Welcome to Day 5 of October Frights! Naching really enjoyed her birthday yesterday, and so she’d like to give you a little present. Enjoy “Death’s Gift.”
By Naching T. Kassa
“Where did you serve?” the young man asked. His words echoed in the dim firelight.
Jed avoided his eyes and stared into the burn barrel before him. A breeze, colder than the breath of death, swept through the arch under the bridge and through his ragged clothing. He shivered as he drew close to the dying fire.
“Served in ‘Nam,” he said.
“I thought so. You’ve got the long stare. I was in Iraq. Two tours.”
“The name’s Oliver. What’s yours?”
“Good to meet you.”
He held out a hand but Jed didn’t take it.
“I should’ve stayed in Iraq,” the young man continued. He adjusted his stained baseball cap, then rubbed his hands together and held them out to the tiny flames. “Would’ve been better than this.”
“Anything’s better than this. There’s no more fuel. This fire won’t last the night.”
“Do you mind the smell of death?”
Jed shook his head. “Nope. In the army, I woke up to it every morning. Went to bed with it at night.”
“There’s a house nearby and it’s warm. I sleep there most nights. People won’t go there because of the smell. You wanna come?”
The damp chill reached through Jed’s flesh and into his bones. Pain pierced.
“Like I said, anything’s better than this.”
The two men collected their meager belongings and extinguished the fire. Jed shouldered his pack and followed the young man. They left the bridge and melted into the fog which covered the empty streets.
“You alright?” Oliver asked. “You’re limping.”
“We’ll be there soon. Then, you can rest.”
Five minutes later, they stepped out of the fog and arrived at their destination. The building loomed above them, illuminated by the glow of a single street lamp.
“It used to be a funeral home,” the young man said. “But, it stopped being one six months ago. I’m not sure why they closed it down.”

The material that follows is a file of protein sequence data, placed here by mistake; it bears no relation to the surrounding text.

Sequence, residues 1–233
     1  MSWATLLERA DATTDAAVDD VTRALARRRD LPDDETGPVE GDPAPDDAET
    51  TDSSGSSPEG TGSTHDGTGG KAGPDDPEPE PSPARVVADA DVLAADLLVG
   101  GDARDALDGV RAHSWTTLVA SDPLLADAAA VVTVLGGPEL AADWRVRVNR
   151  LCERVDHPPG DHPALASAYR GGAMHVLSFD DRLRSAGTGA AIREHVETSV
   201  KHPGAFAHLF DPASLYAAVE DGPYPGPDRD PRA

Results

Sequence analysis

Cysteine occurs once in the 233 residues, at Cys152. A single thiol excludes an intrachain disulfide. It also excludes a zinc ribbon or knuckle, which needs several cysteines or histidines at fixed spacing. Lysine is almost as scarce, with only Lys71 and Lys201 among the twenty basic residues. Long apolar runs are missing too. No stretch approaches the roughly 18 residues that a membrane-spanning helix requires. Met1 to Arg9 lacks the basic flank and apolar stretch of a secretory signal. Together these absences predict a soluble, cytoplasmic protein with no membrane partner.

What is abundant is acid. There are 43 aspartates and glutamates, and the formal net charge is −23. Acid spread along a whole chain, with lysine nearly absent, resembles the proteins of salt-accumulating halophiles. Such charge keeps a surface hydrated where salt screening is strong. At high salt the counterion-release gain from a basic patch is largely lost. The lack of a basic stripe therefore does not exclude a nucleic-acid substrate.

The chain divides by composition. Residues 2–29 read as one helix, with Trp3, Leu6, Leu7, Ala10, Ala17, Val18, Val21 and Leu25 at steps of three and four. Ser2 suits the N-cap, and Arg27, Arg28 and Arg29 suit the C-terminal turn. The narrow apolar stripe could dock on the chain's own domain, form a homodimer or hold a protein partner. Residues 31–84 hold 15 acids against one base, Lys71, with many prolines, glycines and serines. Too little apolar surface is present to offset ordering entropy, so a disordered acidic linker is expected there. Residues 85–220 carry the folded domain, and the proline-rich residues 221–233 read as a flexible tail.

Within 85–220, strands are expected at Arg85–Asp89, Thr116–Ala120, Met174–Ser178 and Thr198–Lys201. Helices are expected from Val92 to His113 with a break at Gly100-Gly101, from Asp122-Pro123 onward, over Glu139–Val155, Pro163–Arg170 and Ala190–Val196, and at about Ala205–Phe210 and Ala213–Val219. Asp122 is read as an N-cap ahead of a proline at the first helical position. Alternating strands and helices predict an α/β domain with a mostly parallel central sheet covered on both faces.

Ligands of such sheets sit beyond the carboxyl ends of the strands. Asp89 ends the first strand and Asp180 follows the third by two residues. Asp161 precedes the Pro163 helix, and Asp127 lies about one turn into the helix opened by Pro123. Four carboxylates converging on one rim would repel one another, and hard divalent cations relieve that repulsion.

Oliver opened a window and a miasma of formaldehyde and death assaulted their nostrils.
“Believe it or not, you get used to it.”
He climbed inside and the locked door clicked. Seconds later, it swung open.
“Come on in.”
Jed limped inside.
“Sorry, we can’t light a fire,” Oliver said as he led Jed down the hall. “I don’t want to attract cops.”
Windows lined the left side of the hallway, admitting faint light from the streetlamp, while doors lined the hall on the right.
“Why are there so many doors?” Jed said. “It looks more like an apartment building than a funeral home.”
He opened one door and peered inside.
A human leg lay in the middle of the floor. A human arm lay nearby.
Jed stared at them for several seconds. The more he focused on them, the clearer they became. He realized their sheen was not at all like human skin. It was plastic.
“Prosthetics?” Jed said.
“I see a lot of weird stuff in these rooms,” Oliver remarked. “I usually sleep in the hallway.”
Jed closed the door and crossed to the nearest window. He dropped his pack to the floor and pulled his blanket from it.
“Can I ask you a question?” Oliver said as he too prepared his bed.